Related reading:

* Danuta Kean's recent article "Library cuts harm young people's mental health services" (The Guardian, January 13, 2017)

* Jane Yolen on the value of fantasy in "Children, reading and Tough Magic" (Myth & Moor, August 26, 2016)

* My own thoughts about early storybooks in "The stories we need" (Myth & Moor, February 25, 2016)

* Jay Griffiths on children and nature: "In the forest, the child. In the child, the forest" (Myth & Moor, June 11, 2015).

On the hillside

Words Are My MatterThe text above is from "The Operating Instructions," a talk given at a meeting of Oregon Literary Arts in 2002, and reprinted in Words Are My Matter (Small Beer Press, 2016). All rights reserved by the author.


Tunes for a Monday Morning

On October 3rd, 2013, a boat carrying approximately 500 African migrants was wrecked near Lampedusa (an Italian island near Sicily), causing 366 deaths. Awa Ly, a Sengalese singer born and raised in Paris, wrote the song above in reaction to the tragedy -- and as an appeal for more help for migrants and refugees as the crisis continues.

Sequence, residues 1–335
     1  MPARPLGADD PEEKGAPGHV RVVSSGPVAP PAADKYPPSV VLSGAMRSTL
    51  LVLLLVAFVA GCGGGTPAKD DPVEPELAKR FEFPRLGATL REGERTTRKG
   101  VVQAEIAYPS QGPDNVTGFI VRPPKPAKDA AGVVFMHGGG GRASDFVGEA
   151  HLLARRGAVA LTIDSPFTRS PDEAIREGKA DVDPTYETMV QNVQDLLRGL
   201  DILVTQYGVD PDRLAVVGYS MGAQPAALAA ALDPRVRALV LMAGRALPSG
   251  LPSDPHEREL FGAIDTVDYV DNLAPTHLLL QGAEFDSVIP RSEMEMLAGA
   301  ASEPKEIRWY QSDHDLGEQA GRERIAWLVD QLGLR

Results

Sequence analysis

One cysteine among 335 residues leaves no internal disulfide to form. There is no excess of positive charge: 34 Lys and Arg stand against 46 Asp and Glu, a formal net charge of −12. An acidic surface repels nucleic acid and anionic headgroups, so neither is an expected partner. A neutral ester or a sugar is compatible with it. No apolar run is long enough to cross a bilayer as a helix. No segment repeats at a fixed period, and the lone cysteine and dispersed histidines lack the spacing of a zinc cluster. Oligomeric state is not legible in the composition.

"The video," says Ly, "tells the story of a man who decides to leave his country for more promising horizons. He is a teenager when we see him packing his luggage, but it is as a grandfather that he climbs onto the boat that will take him away...and to his death. Thus his life is summed up in single day: teenager in the morning, man in the afternoon, grandfather in the evening. The difficulties of everyday life are represented by the beauty and hostility of the desert; the acquisition of the knowledge and experience are represented by a baobab tree. [Sengalese hiphop singer] Faada Freddy and I are the 'storytellers' in the film. Like the spirits, we sing into the ear of the traveler to dissuade him from leaving home."

Below: A sequence of songs performed by Faada Freddy for Le Ring in France. Freddy is an alt-Gospel, Soul and hiphop singer from St. Louis in Senegal, making music entirely out of percussion and voice.

Above: "La fille sans nom"  by Breton singer & harpist Cécile Corbel with Faada Freddy, from Corbel's new album Vagabonde.  The video was filmed in Dakar, the capital of Senegal, and le Finistère, Brittany.

Below: American singer/songwriter Alicia Keys performs her song "Hallelujah" on an Italian television program. The song was written for her short film "Let Me In," supporting people around the globe forced to flee conflict and disaster. The song & film were released earlier this year on World Refugee Day, as part of the We Are Here movement.